But last Friday night’s performance in Berlin’s Konserthaus was the big one. Having scored an initial hit in Germany two years ago, the Miagi group was invited back to perform the opening concert at this year’s 20-day International Young Euro Classic festival, which is featuring a selection of the world’s leading youth orchestras. Simply to have been invited was a singular honour for the young South Africans.
They performed under the baton of one of Europe’s leading conductors, Christian Muthspiel of Austria, who told me after a preconcert rehearsal last Friday afternoon that he regarded the young South African musicians as exceptionally talented, with a unique ability to inject a touch of innovation into their classical performances.
"One has to be very careful doing that, but I think they have got the balance just right," said Muthspiel, who happens also to be a jazz musician. He said his time spent with Miagi had been one of the most enjoyable of his career. "Their enthusiasm is incredibly infectious."
But it is more than just their enthusiasm and talent that has captivated me. It is the fellowship, the mutual respect, support and the sharing of a wonderful common creative experience that has bonded this racially and culturally mixed group into a tightly knit unit that I find so uplifting. They eat, drink, live and perform as one. A team that plays together and cares for one another. As one official introducing them said: "South Africa calls itself the world in one country — so here we have the whole world on our stage."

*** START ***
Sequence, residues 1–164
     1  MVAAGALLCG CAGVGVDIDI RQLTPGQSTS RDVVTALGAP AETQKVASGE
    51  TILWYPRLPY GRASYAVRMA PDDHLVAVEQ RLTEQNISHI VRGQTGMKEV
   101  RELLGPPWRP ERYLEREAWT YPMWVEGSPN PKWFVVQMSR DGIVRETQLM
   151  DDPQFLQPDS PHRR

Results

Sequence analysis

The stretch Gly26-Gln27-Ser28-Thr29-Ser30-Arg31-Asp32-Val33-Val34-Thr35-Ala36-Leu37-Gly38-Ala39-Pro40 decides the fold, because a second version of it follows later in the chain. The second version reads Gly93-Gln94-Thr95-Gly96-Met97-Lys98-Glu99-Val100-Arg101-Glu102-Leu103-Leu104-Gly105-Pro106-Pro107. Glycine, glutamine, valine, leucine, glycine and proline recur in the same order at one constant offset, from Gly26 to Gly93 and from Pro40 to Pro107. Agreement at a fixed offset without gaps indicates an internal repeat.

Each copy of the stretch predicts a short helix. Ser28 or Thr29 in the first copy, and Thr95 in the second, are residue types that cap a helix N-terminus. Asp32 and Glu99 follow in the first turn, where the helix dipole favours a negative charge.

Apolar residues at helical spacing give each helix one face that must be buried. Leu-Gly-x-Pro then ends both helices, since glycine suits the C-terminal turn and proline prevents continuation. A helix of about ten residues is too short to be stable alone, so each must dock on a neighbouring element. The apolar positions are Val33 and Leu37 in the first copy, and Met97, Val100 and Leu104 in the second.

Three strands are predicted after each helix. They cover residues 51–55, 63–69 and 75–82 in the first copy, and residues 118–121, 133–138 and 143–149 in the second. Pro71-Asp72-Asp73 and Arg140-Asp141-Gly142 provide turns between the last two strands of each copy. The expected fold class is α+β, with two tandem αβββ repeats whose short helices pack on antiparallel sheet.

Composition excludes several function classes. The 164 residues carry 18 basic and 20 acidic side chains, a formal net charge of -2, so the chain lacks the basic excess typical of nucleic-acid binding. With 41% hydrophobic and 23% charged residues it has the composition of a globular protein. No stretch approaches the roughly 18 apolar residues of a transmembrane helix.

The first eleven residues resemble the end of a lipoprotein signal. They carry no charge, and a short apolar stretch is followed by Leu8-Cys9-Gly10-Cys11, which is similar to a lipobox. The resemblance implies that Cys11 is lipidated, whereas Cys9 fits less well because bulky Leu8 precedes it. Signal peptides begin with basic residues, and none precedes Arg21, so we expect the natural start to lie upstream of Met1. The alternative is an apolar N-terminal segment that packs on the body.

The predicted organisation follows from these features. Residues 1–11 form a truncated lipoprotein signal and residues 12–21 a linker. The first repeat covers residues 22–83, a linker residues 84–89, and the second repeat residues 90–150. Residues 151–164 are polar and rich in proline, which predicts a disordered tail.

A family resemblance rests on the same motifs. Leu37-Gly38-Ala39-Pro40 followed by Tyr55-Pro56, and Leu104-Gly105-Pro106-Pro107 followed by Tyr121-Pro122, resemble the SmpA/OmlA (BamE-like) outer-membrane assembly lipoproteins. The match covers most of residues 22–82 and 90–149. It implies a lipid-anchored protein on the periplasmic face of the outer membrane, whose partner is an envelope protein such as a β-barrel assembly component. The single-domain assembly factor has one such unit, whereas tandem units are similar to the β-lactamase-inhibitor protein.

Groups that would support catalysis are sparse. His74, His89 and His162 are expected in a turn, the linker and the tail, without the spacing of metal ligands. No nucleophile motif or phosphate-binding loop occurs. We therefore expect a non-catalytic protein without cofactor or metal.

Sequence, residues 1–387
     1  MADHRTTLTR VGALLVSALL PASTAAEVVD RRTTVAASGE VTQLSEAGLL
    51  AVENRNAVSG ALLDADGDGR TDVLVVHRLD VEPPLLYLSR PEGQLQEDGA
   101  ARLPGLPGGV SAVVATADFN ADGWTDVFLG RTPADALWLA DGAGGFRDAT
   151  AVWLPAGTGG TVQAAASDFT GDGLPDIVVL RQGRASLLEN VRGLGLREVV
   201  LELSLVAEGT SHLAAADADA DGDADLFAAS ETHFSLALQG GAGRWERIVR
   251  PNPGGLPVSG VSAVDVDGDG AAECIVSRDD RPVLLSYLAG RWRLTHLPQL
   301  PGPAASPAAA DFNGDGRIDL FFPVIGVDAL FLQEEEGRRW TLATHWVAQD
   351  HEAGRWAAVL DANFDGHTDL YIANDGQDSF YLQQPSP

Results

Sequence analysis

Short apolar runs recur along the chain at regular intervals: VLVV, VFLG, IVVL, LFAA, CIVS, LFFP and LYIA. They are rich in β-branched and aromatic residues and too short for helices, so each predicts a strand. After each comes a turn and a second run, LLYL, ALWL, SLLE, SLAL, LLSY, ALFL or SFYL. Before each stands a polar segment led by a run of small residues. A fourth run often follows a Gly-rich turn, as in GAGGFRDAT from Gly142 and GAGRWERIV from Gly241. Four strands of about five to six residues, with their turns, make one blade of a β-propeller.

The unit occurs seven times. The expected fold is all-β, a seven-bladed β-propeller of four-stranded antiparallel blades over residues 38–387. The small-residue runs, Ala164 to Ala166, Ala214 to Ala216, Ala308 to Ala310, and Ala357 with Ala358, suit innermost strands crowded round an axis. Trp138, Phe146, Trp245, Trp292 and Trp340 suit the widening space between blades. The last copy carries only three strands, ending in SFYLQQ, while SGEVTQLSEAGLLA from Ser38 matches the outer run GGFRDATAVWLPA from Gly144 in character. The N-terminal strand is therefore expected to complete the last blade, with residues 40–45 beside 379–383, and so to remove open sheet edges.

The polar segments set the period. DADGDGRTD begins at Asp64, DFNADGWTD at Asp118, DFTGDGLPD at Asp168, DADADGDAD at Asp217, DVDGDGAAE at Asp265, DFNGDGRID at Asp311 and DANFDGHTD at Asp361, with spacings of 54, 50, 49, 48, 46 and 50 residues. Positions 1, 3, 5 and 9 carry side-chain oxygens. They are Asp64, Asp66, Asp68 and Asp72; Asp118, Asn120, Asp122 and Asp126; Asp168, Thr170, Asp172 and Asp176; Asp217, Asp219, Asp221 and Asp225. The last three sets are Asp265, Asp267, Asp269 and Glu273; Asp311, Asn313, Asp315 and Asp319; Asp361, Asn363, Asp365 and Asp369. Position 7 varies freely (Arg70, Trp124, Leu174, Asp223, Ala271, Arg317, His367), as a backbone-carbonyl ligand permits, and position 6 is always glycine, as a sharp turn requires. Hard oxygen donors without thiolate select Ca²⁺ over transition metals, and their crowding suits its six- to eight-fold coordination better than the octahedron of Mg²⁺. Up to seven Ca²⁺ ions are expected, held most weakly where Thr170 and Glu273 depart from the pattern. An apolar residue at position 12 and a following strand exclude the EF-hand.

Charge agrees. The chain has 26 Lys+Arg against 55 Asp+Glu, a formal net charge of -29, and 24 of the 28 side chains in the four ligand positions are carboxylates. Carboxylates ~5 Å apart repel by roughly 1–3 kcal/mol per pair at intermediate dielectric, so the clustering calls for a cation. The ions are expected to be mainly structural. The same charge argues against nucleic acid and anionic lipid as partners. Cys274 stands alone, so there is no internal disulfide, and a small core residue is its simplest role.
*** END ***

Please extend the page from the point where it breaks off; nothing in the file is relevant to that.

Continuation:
Or, as Anglican Archbishop Emeritus Desmond Tutu would doubtless put it: "They are the rainbow nation."
That is the vision behind Miagi. It is the brainchild of a 56-year-old South African musician, Robert Brooks, who left the land of apartheid to spend 21 years studying, living and working as an opera singer in Vienna, then on a visit home in 2001 happened to be invited to help establish a small chamber orchestra. That put him in touch with this wealth of natural musical talent among South Africa’s "born-free" generation and how harmoniously they can perform together.
Brooks is not the only musician to have realised this. Several others have started young music groups around the country. Now Brooks has brought some of these together to form the Miagi orchestra, and has used his European connections to widen their experience and bring them to the attention of the world.